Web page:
‘Know your farmer, know your food’: Rice’s farmers market pivots in COVID-19 era
Lighthearted chatter used to drift from booths filled with lush, leafy greens and fresh baked bread offered by local vendors at the Rice University Farmers Market. But what was once a mainstay on campus faced a screeching halt when COVID-19 cases started to appear in Houston. Now, the only visible remnant of the market is a street sign pointing out where the market once was.
But despite losing their locale, the farmers market and its vendors have moved to other markets and thought of innovative ways to sell their products to the community safely.
Ileya Grosman, the Rice farmers market manager, was preparing to travel away from campus over spring break when news broke about COVID-19 cases in Houston. The previous day, she had been making arrangements for someone to lead the market in her absence; the next day, she updated the website, saying that the market would be “closed until we know what we’re doing.”
“There was no feeling, it was just acting in that moment,” Grosman said. “I was checking in with the vendors, particularly the farmers, because to me the farmers are the priority. That’s how the farmers market was really born, to support local culture in a sustainable fashion.”
For Stacey Roussel, owner of All We Need Farm — a vendor known for their goat milk popsicles — the market shutting down was “expected but unexpected.”
“I had in the back of my mind that [Rice] University wasn’t gonna allow folks to come on campus with the virus,” Roussel said. “But I was counting on that revenue. My planning for next year took into consideration sales that were made at the market.”
At this point, Grosman said that she was checking in with farmers on a daily basis to make sure that they had new avenues to sell their products. Even though the rest of the city was shutting down, crops were still growing, milk was still being produced and farmers still had to find places to sell their products.
“The first thing I did was work with other farmers markets,” Grosman said. “There was a fear that the markets were going to close, because everything was closing. Then, I had brief conversations with Rice [Housing &] Dining to see if they could buy the excess produce. They were like, ‘Yes, we’ll take it,’ but it didn’t take long for all the farmers to say we don’t have anything. Everything had been bought up [by other customers.]”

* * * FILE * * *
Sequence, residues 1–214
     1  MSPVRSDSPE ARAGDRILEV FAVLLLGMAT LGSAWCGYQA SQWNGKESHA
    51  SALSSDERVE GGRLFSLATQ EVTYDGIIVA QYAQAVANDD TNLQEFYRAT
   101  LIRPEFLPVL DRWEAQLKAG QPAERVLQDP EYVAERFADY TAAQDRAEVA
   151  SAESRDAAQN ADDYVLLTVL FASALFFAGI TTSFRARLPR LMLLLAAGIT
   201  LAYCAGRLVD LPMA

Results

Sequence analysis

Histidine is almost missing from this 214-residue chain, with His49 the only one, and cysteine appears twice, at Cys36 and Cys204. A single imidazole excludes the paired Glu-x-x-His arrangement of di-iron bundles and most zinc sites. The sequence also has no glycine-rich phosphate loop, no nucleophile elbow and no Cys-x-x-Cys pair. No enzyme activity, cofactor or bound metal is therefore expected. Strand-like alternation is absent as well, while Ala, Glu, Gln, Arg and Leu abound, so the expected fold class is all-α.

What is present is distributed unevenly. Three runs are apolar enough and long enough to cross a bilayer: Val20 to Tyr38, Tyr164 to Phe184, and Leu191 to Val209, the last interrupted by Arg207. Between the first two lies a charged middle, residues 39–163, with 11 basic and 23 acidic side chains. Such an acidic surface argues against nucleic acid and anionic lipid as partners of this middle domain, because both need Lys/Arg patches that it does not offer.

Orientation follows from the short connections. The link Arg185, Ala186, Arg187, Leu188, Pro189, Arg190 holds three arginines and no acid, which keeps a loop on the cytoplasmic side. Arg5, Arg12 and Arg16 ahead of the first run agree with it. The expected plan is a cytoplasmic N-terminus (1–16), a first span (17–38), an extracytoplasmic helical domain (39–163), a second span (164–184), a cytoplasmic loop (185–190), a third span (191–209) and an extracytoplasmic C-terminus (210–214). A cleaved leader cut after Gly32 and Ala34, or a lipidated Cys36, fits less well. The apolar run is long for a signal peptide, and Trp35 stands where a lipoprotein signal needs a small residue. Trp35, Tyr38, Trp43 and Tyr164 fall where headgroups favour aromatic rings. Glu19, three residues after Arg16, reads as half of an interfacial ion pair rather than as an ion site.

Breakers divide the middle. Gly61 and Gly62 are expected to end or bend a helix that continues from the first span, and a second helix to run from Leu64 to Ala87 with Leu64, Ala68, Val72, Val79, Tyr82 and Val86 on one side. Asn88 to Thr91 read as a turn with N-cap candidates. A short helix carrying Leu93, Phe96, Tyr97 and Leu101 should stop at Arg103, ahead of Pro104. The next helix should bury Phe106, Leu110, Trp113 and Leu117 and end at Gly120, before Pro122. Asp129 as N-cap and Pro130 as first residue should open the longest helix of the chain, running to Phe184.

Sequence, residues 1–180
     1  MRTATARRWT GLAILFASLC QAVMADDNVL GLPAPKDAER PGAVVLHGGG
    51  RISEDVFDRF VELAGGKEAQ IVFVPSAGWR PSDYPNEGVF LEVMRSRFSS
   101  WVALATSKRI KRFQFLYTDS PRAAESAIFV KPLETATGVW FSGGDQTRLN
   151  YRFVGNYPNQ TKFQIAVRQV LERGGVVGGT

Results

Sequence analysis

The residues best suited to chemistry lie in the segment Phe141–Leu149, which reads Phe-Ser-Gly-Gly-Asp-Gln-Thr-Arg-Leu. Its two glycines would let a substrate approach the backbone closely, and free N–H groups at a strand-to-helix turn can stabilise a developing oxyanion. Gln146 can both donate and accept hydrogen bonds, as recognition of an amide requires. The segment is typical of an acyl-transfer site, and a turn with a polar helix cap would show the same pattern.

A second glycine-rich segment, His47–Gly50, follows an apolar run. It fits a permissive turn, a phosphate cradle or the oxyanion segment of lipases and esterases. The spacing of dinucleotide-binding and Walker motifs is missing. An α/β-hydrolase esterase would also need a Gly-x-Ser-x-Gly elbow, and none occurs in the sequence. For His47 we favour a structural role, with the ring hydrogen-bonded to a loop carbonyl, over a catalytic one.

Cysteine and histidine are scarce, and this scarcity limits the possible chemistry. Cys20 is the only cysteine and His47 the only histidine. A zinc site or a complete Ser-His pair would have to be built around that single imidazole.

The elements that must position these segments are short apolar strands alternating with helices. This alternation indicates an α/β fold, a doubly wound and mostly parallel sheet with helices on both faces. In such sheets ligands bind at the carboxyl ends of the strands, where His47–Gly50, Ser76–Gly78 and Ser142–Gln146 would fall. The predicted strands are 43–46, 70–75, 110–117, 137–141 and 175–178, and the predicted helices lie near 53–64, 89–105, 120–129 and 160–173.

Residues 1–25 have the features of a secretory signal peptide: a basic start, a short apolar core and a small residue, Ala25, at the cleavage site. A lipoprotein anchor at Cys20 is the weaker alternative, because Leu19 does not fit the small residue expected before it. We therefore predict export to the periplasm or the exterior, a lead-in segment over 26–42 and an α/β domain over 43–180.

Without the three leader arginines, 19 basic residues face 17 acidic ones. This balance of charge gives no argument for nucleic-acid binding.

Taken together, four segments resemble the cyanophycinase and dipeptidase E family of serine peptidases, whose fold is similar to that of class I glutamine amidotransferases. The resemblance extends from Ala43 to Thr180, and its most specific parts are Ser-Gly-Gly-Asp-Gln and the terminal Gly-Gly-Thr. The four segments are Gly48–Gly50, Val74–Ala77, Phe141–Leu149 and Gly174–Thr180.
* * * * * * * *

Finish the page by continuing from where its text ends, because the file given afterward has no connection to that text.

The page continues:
Grosman said that as someone who lives near Rice campus, she had a good grasp on the role the farmers market held in the lives of community members. She sought to connect the farmers and the people who wanted to buy from them without the venue of the farmers market to bring them together.
“We created a drop-off location at my house, and from there I immediately reached out to people I knew in the neighborhood who would have an interest in being a part of this,” Grosman said. “This meant they would receive a weekly email to buy local vegetables. We called it a food share, and you would get a bag of food. They could order cheese, yogurt, goat milk and honey.”
With these neighborhood sales, Grosman said that farmers were able to get a source of revenue that was consistent. She said that although the farmers market was not a large source of revenue for farmers, it was good for a mid-week market and was something that farmers could count on.
However, Grosman said she didn’t think the neighborhood sales would ultimately bring in enough revenue for vendors.
“I didn’t think that was enough for them,” Grosman said. “I called someone on the board of Evelyn’s Park [in Bellaire] and asked them to essentially replicate the same thing. A little further from there, I called someone who could [set up a drop off location at their house]. In the course of a four-month period, $35,000 was raised just by small groups of neighborhoods consistently buying the food.”
All three locations are still operating, according to Grosman. After establishing the neighborhood sale systems, Grosman learned that Verdegreens, a hydroponics farm, had partnered with four or five other sustainable farms to create boxes of food to be sold.
“We stayed in very close contact, because I had a feeling I could take this idea back to Rice,” Grosman said. “It’s time to pivot the market. It’s been time for a while to move away from a 13-year-old program and bring it back into campus, not outside of campus.”
Now, students can purchase Verdegreens boxes online for $45 and pick them up at Rice’s Cohen House, which Grosman encouraged students to do if they want to support local farmers, She also stressed the importance of following COVID-19 safety measures to support and protect the community as a whole.
In order to support local farmers, Grosman also suggested frequenting other farmers markets in Houston, while remaining socially distanced from other visitors.
“Go when people aren’t there. Go really early, or, when you are there, circumvent how you walk [to distance from others],” Grosman said. “When we interact with our local farmers or our local food purveyors, people who are making food, we’re not only putting money back into the economy that we live in, we’re creating connections with people who we might not have ever interacted with.”
Grosman said that students should look for ways to support local, sustainable practices in Houston whenever they have the chance.
“Support restaurants like Little Kitchen HTX which is on our campus. They have been pushing local for two decades in some fashion or another,” Grosman said. “Think, where does our food come from? Know your farmer, know your food. If you don’t know your farmer, know where you can get local food.”
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